Roche closes on EU approval for Tecentriq in breast cancer
Roche is heading for EU approval of Tecentriq as first-line therapy for triple-negative breast cancer (TNBC), ahead of its checkpoint inhibitor rivals. The Committee for Medicinal Products for Human Use (CHMP) backed the use of the PD-L1 inhibitor in patients with locally-advanced or metastatic TNBC that cannot be treated with surgery and who haven’t previously received chemotherapy. The EMA typically approves drugs a few weeks after a positive CHMP opinion. The new indication – which was approved by the FDA in March – is seen as a big commercial opportunity for Tecentriq (atezolizumab) as it is the first checkpoint inhibitor to be cleared for use in any form of breast cancer. It not only represents a sizeable patient population, affecting around 15% of the 2 million women diagnosed with breast cancer each year worldwide, but also has no competition yet from other cancer immunotherapies such as Merck & Co/MSD’s market leading Keytruda and Bristol-Myers Squibb’s Opdivo. The CHMP positive opinion applies to women whose tumours express PD-L1 but lack receptors for oestrogen, progesterone or HER2 – effectively preventing treatment with hormonal therapies or anti-HER2 drugs like Roche’s Herceptin. TNBC is a particularly aggressive form of breast cancer with treatment options that until recently were mostly limited to surgery, radiotherapy and chemotherapy, depending on the stage of the disease. AstraZeneca’s Lynparza and Pfizer’s Lynparza can be used in TNBC, but only in patients whose cancers express the BRCA biomarker. Five-year survival rates tend to be much lower with TNBC than with other breast cancer types, so Tecentriq is a welcome new addition to the treatment options for this form of the disease.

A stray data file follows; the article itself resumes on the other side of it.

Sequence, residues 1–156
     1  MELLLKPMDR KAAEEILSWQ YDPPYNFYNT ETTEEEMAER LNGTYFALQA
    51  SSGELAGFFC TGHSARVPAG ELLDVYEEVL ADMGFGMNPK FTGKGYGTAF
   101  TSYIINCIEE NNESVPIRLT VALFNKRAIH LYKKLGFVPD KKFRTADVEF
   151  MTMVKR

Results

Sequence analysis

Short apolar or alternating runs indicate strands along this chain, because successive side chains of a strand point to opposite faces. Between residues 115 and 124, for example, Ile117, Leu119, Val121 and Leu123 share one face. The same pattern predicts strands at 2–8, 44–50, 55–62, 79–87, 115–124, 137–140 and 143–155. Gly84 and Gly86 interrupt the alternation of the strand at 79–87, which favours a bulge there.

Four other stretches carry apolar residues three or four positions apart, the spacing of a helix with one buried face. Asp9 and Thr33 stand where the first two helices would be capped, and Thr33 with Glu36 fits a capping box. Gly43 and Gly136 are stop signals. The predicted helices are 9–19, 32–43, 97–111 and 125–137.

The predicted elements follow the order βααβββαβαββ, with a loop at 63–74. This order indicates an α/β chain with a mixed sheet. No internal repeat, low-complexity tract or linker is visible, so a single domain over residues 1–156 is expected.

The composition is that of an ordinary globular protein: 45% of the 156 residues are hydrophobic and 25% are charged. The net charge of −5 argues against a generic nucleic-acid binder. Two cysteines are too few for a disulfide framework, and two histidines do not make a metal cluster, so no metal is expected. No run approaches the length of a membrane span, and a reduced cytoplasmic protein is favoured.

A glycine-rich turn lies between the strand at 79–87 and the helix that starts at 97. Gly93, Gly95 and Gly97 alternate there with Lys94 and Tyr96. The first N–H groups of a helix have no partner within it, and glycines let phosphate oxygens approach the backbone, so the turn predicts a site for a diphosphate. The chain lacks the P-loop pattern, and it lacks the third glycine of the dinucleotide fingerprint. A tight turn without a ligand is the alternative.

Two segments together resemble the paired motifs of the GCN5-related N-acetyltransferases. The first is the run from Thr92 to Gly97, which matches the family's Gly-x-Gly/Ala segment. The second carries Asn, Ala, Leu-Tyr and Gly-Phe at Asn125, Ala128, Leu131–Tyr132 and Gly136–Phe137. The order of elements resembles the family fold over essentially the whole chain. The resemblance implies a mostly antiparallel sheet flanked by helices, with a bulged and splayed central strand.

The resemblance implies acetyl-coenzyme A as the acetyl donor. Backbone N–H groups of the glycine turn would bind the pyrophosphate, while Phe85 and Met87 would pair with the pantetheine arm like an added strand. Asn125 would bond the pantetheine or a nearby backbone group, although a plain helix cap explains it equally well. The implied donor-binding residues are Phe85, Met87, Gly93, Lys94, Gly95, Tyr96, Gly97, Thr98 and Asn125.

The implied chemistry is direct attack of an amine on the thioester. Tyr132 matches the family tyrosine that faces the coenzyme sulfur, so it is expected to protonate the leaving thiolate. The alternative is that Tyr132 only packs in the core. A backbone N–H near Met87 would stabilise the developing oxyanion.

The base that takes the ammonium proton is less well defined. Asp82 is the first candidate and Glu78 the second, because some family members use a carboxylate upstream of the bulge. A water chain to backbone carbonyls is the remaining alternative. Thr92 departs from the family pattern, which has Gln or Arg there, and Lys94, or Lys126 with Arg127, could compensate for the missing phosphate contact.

Analysts have also suggested that Roche has a lead of at least a year over other checkpoint inhibitors in TNBC, with Keytruda considered to be closest behind with phase 3 results due later this year.